In order to ensure compliance, the company obtains clearance declarations from its suppliers as well as the manufacturers of any raw and auxiliary materials used to make Metsä tissue products. “These materials are then checked again by independent institutes or accredited laboratories,” said Dewick.

Besides offering food-safe wipers and hand towels, Metsä even offers food-safe toilet rolls. “The reasons behind food-safe hand towels and wiping rolls are obvious – but why might you want food-safe toilet rolls?” he said. “Firstly it is because people in food environments will touch the product and may then inadvertently carry a trace of it back to the food preparation area. In a worst case scenario they may have had no hand towels and might have used toilet tissue to wipe their hands instead – or perhaps they will use it for blowing their nose. So in the unlikely event toilet tissue finds its way into a kitchen environment, it should be food-safe.”

Diversey also offers a complete range of food-safe products according to global marketing director Irina Klemps. These include cloths, brushes and disinfection agents as well as limescale removers, all-purpose cleaners and products for cleaning glass, ovens and grills.

“All our products that are either intended for - or could potentially be used on - food contact surfaces are investigated by our own toxicological department to be safe if they are used according to recommendations,” said Klemps. “Each product also has a Global Product Safety Clearance Report.”

Vileda Professional offers food films, foils and gloves that have been certified food-safe. The regulations concerning glove testing are particularly stringent because these products come into direct contact with food says product development manager Joerg Dunkel.

“You need to make sure gloves pass the migration test,” he said. “Products that simulate food are put into contact with the gloves and any migration – in terms of traces of substances released from the gloves - is then measured.  Only high quality gloves can be used with fatty foods because the rubber in gloves swells when it comes into contact with fat.”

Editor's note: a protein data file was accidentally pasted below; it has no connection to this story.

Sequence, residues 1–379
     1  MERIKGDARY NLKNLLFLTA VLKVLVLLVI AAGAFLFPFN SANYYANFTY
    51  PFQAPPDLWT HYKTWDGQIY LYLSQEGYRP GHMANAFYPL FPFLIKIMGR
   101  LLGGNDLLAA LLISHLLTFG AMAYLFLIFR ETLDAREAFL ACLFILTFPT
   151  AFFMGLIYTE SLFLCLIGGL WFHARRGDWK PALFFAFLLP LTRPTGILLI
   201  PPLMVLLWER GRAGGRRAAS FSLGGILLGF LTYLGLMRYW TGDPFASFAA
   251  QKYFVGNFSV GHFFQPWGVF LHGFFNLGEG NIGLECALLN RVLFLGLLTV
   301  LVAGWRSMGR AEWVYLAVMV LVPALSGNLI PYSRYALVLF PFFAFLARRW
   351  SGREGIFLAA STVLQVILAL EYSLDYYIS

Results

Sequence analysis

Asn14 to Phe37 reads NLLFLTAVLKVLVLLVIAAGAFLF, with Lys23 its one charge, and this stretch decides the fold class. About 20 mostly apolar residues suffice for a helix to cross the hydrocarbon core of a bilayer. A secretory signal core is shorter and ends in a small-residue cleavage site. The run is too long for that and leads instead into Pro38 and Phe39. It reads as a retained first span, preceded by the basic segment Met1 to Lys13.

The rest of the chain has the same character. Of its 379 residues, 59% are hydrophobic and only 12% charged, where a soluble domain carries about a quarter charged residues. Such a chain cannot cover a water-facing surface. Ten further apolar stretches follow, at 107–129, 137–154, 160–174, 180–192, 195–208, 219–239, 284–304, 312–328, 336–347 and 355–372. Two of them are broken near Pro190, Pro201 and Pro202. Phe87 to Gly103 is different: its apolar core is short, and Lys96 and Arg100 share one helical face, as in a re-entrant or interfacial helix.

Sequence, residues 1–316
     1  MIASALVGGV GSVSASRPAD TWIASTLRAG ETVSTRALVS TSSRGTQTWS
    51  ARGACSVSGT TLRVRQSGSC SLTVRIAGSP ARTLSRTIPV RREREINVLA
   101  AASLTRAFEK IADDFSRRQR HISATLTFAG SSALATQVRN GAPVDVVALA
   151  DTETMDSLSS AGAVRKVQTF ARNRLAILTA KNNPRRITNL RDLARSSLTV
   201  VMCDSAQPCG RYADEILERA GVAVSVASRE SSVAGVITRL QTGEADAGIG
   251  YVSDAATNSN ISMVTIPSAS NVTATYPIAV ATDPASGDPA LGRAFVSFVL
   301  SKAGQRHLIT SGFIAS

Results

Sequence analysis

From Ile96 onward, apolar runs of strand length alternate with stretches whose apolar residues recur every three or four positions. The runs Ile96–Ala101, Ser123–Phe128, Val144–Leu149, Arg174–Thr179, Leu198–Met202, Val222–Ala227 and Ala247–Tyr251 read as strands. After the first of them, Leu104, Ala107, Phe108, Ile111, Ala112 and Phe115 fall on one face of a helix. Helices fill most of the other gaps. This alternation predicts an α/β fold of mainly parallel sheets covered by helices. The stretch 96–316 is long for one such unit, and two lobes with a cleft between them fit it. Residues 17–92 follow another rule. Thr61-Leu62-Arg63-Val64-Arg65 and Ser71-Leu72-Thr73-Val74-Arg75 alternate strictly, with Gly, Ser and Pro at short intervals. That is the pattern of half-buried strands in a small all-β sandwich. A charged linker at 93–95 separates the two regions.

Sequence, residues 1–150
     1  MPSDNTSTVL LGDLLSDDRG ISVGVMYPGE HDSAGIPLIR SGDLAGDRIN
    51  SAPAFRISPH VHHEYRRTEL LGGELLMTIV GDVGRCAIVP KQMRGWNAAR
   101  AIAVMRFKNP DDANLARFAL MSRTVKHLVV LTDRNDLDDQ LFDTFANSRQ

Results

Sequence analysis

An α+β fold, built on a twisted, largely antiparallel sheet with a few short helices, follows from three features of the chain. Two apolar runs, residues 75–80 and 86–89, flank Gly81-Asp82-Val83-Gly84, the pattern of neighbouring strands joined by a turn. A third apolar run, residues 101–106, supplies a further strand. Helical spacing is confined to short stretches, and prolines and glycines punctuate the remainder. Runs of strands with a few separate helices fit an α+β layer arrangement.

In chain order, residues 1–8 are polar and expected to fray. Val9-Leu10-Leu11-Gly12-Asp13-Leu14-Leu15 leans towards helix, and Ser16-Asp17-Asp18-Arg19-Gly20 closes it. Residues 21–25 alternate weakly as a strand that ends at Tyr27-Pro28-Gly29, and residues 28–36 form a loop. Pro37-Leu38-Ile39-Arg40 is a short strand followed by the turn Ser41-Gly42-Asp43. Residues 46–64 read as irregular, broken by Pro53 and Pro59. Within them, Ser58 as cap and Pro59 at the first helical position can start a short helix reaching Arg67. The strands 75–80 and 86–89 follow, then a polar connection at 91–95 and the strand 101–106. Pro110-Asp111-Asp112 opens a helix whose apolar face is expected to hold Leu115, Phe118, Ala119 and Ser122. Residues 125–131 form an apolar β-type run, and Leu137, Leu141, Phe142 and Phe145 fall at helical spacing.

Bio-Productions managing director Mike James says the key quality of a food-safe product is that it should be non-tainting. “It is a common sense thing,” he said. “There should be no trace of any chemical left behind on a surface on which food is to be prepared.

No perfume or fragrance

“That means that a chemical product shouldn’t contain a perfume or a fragrance. People have latched on to this idea of needing products to be ‘food-safe’, but as far as we are concerned there are no specific standards that you need to achieve with chemical products.”

Hagleitner creates food-safe products in its own laboratory. “We have more than 160 formulas and we develop them ourselves,” said head of product management Dr Georg Steiner. “We then test the products and implement quality controls, and afterwards we have them tested by independent institutes according to demands and regulations.”

He says the factors that make a product food-safe will depend entirely on the item in question. For example, Hagleitner’s soap and disinfection refills come in a vacuum-sealed bag which means that no air can contaminate them, according to Steiner. “In the food industry, too, there is often splash water present so all our dispensers are splash-water resistant and protected,” he adds. “But in general our main focus when developing products for food use is that they should be safe for the user.”

Steiner concludes that in most cases, food-safe products are very different to their non food-safe counterparts. “We have to think about food safety right at the beginning of product development - it is not simply a case of adapting the formula or leaving something out,” he explains.